Explanation (approx 5 pages each) of all options identified, including the strengths, weaknesses, opportunities and threats (risks) of each option
Recommend which option/s should be developed into full proposals. 120
6 Incorporate feedback from the NZAID DPO for Kiribati and GoK on Draft Report and submit Final Report to MFAT. 24
Phase Two – Design a Programme of Support
Following Phase One, MFAT will discuss the outcomes of the study with GoK and agree a way forward. Based on this agreement, MFAT will investigate a further Terms of Reference will be developed to design a programme of support that would enable MFAT to invest in building Kiribati fisheries training capacity over the next +/- five years. Depending on the outcomes of the Initial Phase, approval and the requirements of Phase Two, MFAT may extend the contract to include work under this phase, at its sole discretion.
Phase One of the study will be conducted according to these Terms of Reference, that have been developed in conjunction with GoK.
The approach taken during the feasibility study will ensure that the views of all key stakeholders identified are heard and incorporated into the study.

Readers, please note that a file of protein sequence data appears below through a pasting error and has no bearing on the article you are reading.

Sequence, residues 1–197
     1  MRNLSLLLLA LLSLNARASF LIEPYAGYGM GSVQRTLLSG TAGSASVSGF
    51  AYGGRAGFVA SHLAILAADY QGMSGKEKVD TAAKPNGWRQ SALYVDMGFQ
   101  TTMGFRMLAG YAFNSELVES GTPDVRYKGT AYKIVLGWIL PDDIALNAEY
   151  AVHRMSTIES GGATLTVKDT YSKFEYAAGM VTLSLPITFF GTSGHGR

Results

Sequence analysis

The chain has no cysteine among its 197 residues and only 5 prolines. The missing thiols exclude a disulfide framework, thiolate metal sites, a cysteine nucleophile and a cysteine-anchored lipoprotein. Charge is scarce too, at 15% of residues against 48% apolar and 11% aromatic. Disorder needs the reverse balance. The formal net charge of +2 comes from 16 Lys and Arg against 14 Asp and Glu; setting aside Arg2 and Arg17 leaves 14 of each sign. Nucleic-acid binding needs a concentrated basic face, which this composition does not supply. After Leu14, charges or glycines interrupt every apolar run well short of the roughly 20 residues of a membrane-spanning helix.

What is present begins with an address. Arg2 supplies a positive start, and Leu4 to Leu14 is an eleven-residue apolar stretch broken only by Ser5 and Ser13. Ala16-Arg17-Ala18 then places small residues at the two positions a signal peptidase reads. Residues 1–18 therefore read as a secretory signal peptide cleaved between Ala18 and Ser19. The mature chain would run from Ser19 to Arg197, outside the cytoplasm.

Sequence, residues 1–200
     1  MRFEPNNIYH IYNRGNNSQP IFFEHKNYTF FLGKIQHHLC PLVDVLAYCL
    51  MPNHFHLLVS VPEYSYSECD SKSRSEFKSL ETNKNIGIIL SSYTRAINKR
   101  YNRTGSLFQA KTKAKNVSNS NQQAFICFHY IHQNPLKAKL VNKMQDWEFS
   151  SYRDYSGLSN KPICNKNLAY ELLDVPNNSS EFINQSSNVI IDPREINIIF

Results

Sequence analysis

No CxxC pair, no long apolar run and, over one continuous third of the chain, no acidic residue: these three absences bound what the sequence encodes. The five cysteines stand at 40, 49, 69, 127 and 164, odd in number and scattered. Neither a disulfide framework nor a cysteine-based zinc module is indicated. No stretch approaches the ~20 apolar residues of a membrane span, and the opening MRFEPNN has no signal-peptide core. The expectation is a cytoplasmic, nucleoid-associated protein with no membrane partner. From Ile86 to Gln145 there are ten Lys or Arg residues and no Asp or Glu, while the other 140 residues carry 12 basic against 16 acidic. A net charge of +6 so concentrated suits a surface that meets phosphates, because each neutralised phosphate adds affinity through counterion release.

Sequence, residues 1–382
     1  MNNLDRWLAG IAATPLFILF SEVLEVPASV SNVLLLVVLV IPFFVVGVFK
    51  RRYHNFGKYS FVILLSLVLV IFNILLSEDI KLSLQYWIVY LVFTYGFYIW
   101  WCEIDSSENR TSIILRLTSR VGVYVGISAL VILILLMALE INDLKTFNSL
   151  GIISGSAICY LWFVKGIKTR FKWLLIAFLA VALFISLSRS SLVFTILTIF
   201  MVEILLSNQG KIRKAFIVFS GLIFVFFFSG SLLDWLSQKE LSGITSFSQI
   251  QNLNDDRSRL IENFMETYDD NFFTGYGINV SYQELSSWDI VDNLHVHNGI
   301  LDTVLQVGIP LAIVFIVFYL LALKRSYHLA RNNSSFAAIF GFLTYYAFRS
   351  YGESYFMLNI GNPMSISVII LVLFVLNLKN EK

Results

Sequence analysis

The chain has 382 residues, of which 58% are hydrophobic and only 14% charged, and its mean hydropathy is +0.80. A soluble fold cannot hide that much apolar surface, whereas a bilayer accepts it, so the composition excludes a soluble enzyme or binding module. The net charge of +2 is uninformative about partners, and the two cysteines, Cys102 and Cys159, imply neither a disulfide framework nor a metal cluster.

The NZAID DPO for Kiribati will coordinate feedback from GoK on the draft reports, and at other times as necessary.
The Deputy Secretary for the Ministry of Labour and HRD will be the primary point of contact within GoK, but other stakeholders (in particular the Captain of the Fisheries Training Centre, and the Secretary of the Ministry of Fisheries) will also provide comment on the draft and final reports.
Skills and Experience
The contractor must have:
experience in activity design and participatory approaches;
a background in the fisheries sector, preferably fisheries training.
It would be highly desirable for the contractor to have:
experience working in the Pacific, particularly Kiribati.
It would be an advantage if the contractor had:
a construction / engineering / architectural background;
a technical and vocational education and training (TVET) background.
No. Milestone Date due
1 First Visit to Tarawa
2 Draft report satisfactory to NZAID programme
3 Final Report satisfactory to NZAID programme